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Smith's Research & Gradings
Volume: 
XXVIII
Issue: 
19
Author: 
November 2, 2020

Smith's Research & Gradings

Transportation: Can't Get There From Here

Transportation: Can't Get There From Here

If you want to get a feel for municipal transportation credit, watch REM's video "Can't Get There From Here" which was filmed at a drive-in movie theater in Georgia in 2010. It's available on YouTube and the video is, well, "poor quality."

Brightline West Breaks Its Pick?
The $2.4 bln. Brightline West deal was pulled from the calendar after weeks of attempts to market the bonds.  Fortress Investment Group is backing the Brightline West deal, which would build a high speed rail line from Los Angeles to Las Vegas.

Nuveen, which is the largest owner of the Brightline East bond offering, was heard to resist the initial offering of the Brightline West deal.  However, Morgan Stanley was able to strike a deal to do a tender offer for the Brightline East bonds at par (currently quoted at a price of 85), which went a long way to getting Nuveen comfortable with the new deal.  

However, even with Nuveen as a big dog, the deal ran into tough sledding given it was a massive $3.4 bln. offering. Morgan Stanley cut the par amount to $2.2 bln.

A major buyer was working late last Friday to get a large order. But, the buyer wanted  more equity in the deal. Morgan Stanley was able to get the equity raised to $500 mln., but it still wasn't enough, according to sources.    

Hilltop Sees Slow Rebound For Airlines
Hilltop Securities published a report, "The Slow Rebound of Air Travel Summary."

Thomas Kozlik, director of research and first-team All-Star Analyst, said, "A little over one million travelers flew on Sunday, Oct. 18, according to TSA checkpoint data, marking the first time since the COVID-19 crisis began that TSA traveler data surpassed one million passengers, but activity remains about 40% of last year."

Passenger activity slowed at the end of October 2020, but it also decelerated at the end of October 2019. This could be seasonal and not related to a third COVID-19 wave.

Airline travel is expected to return in phases. Regional and domestic business travel will return first, according to a McKinsey analysis. But a long recovery is expected for corporate travel as the name of the McKinsey report indicates, "For Corporate Travel, a Long Recovery Ahead." The United Airlines CEO predicted that business travel would not be back to normal until 2024.

There has been a slow rebound of airline travel since the depths of April and May of 2020. The 1 million passengers on Oct. 18 compares with over 2.6 million travelers on the same day in 2019.

A little over one million travelers flew on Sunday, Oct. 18, according to TSA checkpoint data, marking the first time since the COVID-19 crisis began that TSA traveler data surpassed one million passengers, but activity remains about 40% of last year.

Mr. Kozlik is watching closely to see if the slow rebound of airline travel is being threatened. On Halloween, Saturday, Oct. 31, 2020, he saw travel numbers hit a low we have not seen since September 2002 when TSA reported only 618k travelers. But, it is important to note that there was a similar drop-off on Halloween 2019 to 1.8 million passengers relative to the week before. So, the drop-off this year may not necessarily be a result of the development of a third wave of COVID-19 cases nationally, but a seasonal occurrence.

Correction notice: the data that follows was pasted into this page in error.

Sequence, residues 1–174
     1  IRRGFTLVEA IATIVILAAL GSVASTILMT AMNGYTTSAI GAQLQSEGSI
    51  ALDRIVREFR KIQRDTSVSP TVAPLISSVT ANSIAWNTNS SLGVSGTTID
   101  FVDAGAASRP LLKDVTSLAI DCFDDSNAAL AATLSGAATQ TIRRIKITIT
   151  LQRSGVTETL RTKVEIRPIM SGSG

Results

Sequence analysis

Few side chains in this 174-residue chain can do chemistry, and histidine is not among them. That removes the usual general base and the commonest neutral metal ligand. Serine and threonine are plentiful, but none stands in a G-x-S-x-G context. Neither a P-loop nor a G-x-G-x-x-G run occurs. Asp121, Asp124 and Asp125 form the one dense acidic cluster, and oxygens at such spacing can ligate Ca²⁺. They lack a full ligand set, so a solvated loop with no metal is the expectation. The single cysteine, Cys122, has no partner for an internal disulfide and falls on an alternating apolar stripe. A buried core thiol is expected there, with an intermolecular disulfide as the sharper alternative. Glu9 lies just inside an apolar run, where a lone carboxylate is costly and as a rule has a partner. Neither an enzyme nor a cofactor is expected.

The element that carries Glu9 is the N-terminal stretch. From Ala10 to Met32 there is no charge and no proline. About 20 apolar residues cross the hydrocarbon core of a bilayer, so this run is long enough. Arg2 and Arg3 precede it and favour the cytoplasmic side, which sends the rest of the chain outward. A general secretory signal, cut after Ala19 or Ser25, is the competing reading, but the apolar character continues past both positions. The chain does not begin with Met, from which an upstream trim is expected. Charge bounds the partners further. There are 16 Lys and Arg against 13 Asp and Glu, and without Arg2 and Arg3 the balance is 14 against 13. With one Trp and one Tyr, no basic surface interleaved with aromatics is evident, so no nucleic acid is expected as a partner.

There has not been an individual day that has surpassed one million travelers since October 18. On Sunday, Oct. 25, the number fell to 983k and seven days later, Nov. 1, only 936k travelers boarded planes, according to TSA data. "However, we are seeing that there was a similar drop-off in airline activity in 2019 in the weeks after middle of October as well. Again, this 2019 decline could be an indicator of seasonal activity. Therefore, we will be watching closely in the coming weeks to see if airline activity falls below what we would describe as seasonal trends. If activity does fall, then it could very well mean that the third wave of COVID infections is beginning to impact traveler movement," Mr. Kozlik said.

Take notice

Stay on top of the latest global news that can impact your investment strategy.

Beirut’s Agony: Ports, Food, and China

On August 4th the port of Beirut was the scene of a horrific explosion, which killed more than 150 people, injured 6,000 and left some 300,000 homeless. The damages are estimated to be in excess of $15 billion. The city’s hospitals, already struggling due to the COVID-19 pandemic, were damaged by the blast and swamped with injured. On top of already raging economic and political crises, the explosion now raises the question of food security. Prior to the explosion, 80 percent of Lebanon’s imports passed through Beirut’s port. Without a functioning port in Beirut, the country now relies on a handful of secondary ports, chief among them being Tripoli in the north, to import food and to export its products.

Silver Line and Purple Line Problems Underscore Challenges to Economic Development Plans

Economic development related to transportation in and around Washington, D.C. underscores the tremendous limitations and challenges facing the area.

Outlook Neutral

Delta Air Lines, Inc — LaGuardia Airport Terminals C&D Redevelopment Project

In voting conducted by institutional investors, The 2018 All-Star Deal of the Year was awarded to the New York Transportation Development Corporation for the Delta Airlines, Inc - LaGuardia Airport Terminals C&D Redevelopment Project.

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